One of the more common questions we get about the System.Diagnostics.Tracing.EventSource class is whether it can be used to log message to the
Windows Event Log (that is can be viewed with eventvwr.exe). This EventLog support is also called ‘Channel support’ because that is the official name for a ‘stream of events’ in the Windows event log.
The answer to whether EventSource supports the Windows Event log as a target has been ‘no’ but now the answer is ‘yes’. Moreover, you don’t even have to wait for the next version of the .NET Framework to get it.
That is because we have now created a ‘Stand alone’ version of EventSource and published as the Microsoft EventSource Library NuGet Package (currently in Prerelease form, so you have to set your filtering to include prereleases to see it). Note that the class in this package is in a different namespace Microsoft.Diagnostics.Tracing.EventSource, so it is ‘side by side’ with System.Diagnostics.Tracing.EventSource that comes with the V4.5 framework. It is however intended to be 100% compatible with code using the framework version. It is also effectively your way of getting at new features of the framework version before they are officially released (or your customers have upgraded their framework). Switching from one to the other should be as easy as changing a ‘Using’ declaration at the top of the file that uses EvenSource.
Thus Windows Event Log support is just the first installment of new features that we will be bringing to you through NuGet as a way of getting started now without having to wait for the next version of the runtime.
To see more details about the Event Log support see the dotnet Blog entry ‘Announcing the EventSource NuGet Package : Write to the Windows Event Log’.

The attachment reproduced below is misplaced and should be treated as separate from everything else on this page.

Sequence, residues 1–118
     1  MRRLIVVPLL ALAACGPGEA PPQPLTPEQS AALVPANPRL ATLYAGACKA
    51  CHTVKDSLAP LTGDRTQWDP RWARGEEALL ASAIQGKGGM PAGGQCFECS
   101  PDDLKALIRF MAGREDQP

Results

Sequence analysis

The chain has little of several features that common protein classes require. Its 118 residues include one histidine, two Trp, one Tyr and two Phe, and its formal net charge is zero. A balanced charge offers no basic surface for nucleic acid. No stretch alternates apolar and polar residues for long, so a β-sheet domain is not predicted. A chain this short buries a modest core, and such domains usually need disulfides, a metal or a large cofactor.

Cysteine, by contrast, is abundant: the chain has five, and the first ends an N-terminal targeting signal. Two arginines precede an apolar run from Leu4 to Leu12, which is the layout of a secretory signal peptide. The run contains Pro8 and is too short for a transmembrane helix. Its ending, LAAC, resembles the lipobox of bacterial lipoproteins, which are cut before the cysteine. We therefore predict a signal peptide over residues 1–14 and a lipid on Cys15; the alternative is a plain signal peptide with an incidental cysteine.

Along with the Microsoft EventSource Library NuGet Package, there is also the Microsoft EventSource Library Samples NuGet Package. This package makes it very easy to download some working EventSource code and see well commented examples of its use. The best way to use this samples package is to
- Create a new Console Application in Visual Studio called ‘DemoEventSource’
- Reference the Microsoft EventSource Library Samples NuGet Package from this new project by
- Right clicking on the ‘References node in the Project tree
- Selecting ‘Manage NuGet Packages
- Searching for ‘EventSource Samples’
- Selecting the Microsoft EventSource Library Samples package
- It will download some code to a ‘EventSourceSamples directory, which you look at
- You run the code by adding the following line to your main program
- Hit F5.
Some of the samples are very similar to samples I have blogged about in the past, but the Window Event Log sample is new. It is also more complex because there is a registration (install time) step with the operating system. This is the price you pay for wanting your messages to get to the Windows EventLog.
Finally, also included in both packages is a EventSource Users Guide. This contains information similar to things I have blogged about, as well as best practices etc. Note that the previous link (as the file in this blog) may not be up to date. The most up to date version is in the Microsoft EventSource Library NuGet Package.